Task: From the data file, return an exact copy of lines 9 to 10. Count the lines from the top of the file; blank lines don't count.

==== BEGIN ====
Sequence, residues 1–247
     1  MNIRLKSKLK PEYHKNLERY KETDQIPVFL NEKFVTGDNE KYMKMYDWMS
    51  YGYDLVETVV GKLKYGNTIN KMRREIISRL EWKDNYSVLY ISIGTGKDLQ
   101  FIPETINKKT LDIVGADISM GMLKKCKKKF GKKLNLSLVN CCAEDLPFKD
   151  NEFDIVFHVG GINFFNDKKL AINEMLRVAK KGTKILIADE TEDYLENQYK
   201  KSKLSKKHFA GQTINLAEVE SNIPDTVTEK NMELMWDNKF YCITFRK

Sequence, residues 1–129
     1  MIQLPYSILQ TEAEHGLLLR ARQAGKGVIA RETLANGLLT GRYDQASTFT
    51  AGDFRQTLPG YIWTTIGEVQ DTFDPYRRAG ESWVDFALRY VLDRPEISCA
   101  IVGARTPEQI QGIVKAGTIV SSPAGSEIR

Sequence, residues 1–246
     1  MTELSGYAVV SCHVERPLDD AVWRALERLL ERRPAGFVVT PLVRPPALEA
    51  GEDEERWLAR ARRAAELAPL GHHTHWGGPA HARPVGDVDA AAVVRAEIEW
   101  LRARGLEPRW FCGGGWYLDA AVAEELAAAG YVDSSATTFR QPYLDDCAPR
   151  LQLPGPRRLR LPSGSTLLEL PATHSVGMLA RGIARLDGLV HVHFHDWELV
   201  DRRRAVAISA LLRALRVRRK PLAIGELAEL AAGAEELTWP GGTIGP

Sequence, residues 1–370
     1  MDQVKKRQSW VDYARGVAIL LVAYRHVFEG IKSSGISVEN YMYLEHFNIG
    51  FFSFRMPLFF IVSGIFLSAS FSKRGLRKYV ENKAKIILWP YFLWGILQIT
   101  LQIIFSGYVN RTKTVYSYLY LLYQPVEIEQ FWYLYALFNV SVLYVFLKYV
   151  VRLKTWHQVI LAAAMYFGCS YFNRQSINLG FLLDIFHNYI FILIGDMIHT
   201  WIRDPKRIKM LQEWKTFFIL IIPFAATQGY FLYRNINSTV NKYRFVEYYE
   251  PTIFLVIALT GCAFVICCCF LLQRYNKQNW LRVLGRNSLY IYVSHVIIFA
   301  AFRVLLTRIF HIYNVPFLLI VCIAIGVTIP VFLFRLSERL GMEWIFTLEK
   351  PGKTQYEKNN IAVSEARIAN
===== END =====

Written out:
    51  AGDFRQTLPG YIWTTIGEVQ DTFDPYRRAG ESWVDFALRY VLDRPEISCA
   101  IVGARTPEQI QGIVKAGTIV SSPAGSEIR